Banister


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banister

[′ban·ə·stər]
(building construction)
A handrail for a staircase.

Banister

A slender pillar turned on a lathe, used to support the handrail of a stair.

baluster, banister

baluster, 3
baluster, 1
1. One of a number of short vertical members, often circular in section, used to support a stair handrail or a coping.
2. (pl.) A balustrade.
3. The roll forming the side of an Ionic capital; a bolster, pulvinus.

banister

1. A handrail for a staircase.
2. A baluster.
References in periodicals archive ?
FRESH BREWED START Banister moved to Sarasota from Kansas City and found only one deficiency.
Currently, Banister is Tyson Foods' (TSN) board lead independent director as well as as trustee of the South Dakota School of Mines and Technology foundation.
Banister stayed home with flu-like symptoms and agonizing ankle pain that caused him to collapse.
With the transaction, Quanta will gain the opportunity to strategically broaden its Canadian mainline pipeline services portfolio throughout the country, the company noted, adding that it would be able to provide Banister customers with access to its energy infrastructure resources.
Banister further said that the way he looks at it is by considering the alternatives, adding that one of the pleasures of his life apart from running has been walking, but what is it anyway.
POINTING a gun as he threatens to shoot a terrified shopkeeper, violent serial thug George Banister is caught on camera.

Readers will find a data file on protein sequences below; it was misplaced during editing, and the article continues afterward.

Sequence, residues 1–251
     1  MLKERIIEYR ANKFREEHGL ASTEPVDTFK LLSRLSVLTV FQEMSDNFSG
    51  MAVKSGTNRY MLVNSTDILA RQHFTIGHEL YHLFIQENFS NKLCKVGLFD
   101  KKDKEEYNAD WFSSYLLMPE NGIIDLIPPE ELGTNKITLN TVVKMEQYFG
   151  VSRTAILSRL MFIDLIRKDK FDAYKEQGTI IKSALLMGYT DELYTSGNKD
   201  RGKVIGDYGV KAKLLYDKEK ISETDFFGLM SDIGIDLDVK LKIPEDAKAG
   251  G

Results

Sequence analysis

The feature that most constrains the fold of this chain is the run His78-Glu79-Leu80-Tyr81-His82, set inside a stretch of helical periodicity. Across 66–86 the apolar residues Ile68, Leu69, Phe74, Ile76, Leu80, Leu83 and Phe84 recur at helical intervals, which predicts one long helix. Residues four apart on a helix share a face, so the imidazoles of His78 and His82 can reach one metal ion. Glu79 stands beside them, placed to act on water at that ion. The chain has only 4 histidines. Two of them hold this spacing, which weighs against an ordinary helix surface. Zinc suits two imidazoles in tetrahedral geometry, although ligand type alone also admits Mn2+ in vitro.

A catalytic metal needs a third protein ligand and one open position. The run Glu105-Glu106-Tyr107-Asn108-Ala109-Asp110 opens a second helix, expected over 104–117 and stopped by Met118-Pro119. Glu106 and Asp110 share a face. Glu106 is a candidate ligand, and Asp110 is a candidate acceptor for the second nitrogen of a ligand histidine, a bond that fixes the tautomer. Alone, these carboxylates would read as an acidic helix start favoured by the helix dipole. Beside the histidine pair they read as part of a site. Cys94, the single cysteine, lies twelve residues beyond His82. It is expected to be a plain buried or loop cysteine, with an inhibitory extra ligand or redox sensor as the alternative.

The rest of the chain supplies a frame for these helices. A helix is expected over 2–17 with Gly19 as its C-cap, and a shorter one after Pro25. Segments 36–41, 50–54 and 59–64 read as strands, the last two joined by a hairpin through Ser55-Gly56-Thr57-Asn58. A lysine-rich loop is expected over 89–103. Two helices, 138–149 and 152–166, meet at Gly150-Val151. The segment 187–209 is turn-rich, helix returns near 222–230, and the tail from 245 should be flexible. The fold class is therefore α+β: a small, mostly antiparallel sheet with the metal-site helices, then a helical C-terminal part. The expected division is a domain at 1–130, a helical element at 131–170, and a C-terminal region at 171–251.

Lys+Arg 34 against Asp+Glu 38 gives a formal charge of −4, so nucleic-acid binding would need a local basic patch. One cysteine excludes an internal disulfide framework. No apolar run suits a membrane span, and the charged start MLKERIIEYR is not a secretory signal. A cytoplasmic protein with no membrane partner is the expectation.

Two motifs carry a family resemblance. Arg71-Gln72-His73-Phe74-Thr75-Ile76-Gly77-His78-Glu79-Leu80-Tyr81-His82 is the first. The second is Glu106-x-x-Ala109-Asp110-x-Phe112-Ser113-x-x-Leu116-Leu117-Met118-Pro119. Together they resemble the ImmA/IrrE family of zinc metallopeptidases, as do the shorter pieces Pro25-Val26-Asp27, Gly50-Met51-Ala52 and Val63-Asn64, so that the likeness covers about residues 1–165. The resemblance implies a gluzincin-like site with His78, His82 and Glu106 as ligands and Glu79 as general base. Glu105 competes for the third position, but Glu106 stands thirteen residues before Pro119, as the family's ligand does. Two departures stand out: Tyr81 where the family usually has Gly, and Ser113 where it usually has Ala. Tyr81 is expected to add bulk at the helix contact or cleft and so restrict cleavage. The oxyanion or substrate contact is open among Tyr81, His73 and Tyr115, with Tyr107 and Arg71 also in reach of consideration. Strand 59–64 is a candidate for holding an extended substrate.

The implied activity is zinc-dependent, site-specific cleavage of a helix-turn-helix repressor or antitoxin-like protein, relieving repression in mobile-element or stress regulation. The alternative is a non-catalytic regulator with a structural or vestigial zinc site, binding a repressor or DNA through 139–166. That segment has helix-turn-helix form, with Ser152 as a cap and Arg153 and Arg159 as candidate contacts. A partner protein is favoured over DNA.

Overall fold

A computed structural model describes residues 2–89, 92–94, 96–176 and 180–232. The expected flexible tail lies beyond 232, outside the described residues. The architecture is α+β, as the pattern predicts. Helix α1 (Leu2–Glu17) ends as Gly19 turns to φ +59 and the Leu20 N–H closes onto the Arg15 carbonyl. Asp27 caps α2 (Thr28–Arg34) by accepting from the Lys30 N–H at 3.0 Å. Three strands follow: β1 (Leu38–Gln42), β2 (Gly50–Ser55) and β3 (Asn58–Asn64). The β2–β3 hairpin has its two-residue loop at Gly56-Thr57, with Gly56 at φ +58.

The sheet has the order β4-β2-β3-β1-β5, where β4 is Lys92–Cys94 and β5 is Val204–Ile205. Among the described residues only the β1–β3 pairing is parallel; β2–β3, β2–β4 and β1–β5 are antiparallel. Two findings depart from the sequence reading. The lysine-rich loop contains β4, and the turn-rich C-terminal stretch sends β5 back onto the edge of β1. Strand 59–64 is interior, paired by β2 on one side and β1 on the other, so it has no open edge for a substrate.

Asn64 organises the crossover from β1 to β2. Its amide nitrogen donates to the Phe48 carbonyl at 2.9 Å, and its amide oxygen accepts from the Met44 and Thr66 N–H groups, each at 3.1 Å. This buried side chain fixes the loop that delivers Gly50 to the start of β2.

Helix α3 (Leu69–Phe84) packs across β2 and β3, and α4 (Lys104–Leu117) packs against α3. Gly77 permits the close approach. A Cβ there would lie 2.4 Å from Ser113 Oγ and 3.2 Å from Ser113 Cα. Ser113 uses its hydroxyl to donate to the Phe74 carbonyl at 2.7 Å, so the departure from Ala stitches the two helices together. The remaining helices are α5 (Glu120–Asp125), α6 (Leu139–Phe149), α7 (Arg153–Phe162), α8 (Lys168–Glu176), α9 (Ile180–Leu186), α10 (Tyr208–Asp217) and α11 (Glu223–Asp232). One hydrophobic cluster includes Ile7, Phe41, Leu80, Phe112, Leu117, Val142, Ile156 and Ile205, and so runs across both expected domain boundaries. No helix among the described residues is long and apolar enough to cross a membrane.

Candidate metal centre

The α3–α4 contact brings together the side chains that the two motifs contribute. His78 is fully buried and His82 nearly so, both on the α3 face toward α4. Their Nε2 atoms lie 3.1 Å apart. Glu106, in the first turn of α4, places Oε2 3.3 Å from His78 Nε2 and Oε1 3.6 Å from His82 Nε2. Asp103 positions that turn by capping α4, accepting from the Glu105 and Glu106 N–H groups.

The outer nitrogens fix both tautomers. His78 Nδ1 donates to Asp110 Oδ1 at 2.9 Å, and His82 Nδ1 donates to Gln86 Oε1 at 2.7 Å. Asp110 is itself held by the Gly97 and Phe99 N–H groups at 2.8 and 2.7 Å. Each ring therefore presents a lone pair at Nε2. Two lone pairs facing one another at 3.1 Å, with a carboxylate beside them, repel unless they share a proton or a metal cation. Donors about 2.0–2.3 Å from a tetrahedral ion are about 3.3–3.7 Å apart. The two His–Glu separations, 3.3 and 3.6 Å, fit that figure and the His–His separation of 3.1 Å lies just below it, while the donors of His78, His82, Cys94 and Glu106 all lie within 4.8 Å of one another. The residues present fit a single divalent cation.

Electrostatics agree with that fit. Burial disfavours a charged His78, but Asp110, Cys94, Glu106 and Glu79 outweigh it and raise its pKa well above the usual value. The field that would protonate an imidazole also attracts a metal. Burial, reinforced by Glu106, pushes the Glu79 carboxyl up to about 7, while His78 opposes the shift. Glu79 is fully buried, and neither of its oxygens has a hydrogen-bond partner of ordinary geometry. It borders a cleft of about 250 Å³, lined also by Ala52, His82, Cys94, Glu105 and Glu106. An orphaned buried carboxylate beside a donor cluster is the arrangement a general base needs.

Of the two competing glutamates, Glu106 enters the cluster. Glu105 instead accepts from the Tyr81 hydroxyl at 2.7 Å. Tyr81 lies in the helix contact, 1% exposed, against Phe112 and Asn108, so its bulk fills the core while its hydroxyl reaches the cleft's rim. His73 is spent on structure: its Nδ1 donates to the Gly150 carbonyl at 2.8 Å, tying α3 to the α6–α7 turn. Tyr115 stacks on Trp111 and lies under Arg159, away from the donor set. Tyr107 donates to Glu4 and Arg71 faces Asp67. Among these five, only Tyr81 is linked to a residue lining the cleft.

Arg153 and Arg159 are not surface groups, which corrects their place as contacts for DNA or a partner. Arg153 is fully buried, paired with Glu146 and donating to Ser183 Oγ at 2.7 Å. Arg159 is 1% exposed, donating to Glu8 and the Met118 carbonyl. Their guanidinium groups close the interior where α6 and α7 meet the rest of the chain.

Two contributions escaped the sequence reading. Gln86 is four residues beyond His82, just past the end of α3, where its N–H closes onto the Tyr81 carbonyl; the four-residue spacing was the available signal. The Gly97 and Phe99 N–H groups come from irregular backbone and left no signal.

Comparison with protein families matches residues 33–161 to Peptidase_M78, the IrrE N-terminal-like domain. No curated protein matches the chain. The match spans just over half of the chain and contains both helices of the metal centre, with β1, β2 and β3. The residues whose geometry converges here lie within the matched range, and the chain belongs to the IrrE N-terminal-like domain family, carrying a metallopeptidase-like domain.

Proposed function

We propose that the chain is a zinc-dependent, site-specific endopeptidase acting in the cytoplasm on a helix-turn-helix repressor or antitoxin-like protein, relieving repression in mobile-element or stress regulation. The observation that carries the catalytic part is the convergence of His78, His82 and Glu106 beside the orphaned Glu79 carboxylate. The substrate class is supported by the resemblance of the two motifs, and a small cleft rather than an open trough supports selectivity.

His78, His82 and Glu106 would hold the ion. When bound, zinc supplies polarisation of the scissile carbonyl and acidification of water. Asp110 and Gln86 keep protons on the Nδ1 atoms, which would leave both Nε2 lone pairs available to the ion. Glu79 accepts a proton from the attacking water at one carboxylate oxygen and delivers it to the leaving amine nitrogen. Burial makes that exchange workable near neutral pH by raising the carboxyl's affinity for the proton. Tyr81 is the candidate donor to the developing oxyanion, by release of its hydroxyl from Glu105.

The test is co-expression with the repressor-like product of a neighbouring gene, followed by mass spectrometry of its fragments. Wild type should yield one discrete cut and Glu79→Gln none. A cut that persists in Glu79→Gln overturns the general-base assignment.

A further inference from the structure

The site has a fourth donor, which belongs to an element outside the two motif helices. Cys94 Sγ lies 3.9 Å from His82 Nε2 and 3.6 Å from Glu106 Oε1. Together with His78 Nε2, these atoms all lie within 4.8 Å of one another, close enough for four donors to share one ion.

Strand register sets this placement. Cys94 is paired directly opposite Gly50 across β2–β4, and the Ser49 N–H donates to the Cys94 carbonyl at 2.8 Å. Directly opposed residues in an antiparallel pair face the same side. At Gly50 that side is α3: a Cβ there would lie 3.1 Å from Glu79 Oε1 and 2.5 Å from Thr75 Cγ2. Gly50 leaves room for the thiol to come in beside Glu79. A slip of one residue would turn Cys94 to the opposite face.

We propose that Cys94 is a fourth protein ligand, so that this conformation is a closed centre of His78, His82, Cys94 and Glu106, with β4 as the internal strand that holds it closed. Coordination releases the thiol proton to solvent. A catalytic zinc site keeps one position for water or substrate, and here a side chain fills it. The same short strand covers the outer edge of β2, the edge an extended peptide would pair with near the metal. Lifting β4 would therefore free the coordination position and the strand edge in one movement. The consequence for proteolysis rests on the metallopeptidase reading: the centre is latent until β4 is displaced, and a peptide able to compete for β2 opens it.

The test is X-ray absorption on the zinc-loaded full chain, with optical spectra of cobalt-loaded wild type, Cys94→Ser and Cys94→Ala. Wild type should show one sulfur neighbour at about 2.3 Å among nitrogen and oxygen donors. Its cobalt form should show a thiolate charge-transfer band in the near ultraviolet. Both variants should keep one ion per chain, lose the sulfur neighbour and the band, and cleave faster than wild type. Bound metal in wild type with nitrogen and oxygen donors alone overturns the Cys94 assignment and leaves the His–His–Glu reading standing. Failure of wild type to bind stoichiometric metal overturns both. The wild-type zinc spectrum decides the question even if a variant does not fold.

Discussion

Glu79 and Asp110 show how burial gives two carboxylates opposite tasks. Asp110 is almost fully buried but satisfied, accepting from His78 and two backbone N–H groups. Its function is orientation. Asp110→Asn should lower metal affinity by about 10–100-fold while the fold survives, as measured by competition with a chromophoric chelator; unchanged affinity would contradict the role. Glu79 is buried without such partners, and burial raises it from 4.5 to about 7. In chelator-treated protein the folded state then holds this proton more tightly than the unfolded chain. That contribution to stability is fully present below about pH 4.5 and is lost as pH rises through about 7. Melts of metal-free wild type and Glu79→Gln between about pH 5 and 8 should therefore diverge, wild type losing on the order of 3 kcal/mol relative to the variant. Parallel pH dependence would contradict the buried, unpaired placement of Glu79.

Is it possible that Australian politician Stephanie Banister is so blissfully ignorant that she fails to understand the most basic tenets of Islam?
Deborah Gould, prosecuting, told how Burnett had approached Zimmerframe user Mrs Banister, 66, as she went shopping on May 7, 2007.
Deborah Gould, prosecuting, told how Burnett had approached Mrs Banister, 66, as she went shopping.
My vision is to use Our world-class operational processes coupled with new, sophisticated technologies to unlock the 3 1/2 billion barrels of resources we have on our books in a safe and environmentally friendly way," Banister says.
He felt he could relate to Banister and more accurately depict the runner's struggles than someone with no running experience.
The jury heard from forensic scientist Neil Garton, who said it was possible the marks on the boy's head could have been caused by contact with sections of the banister at Holdsworth's house.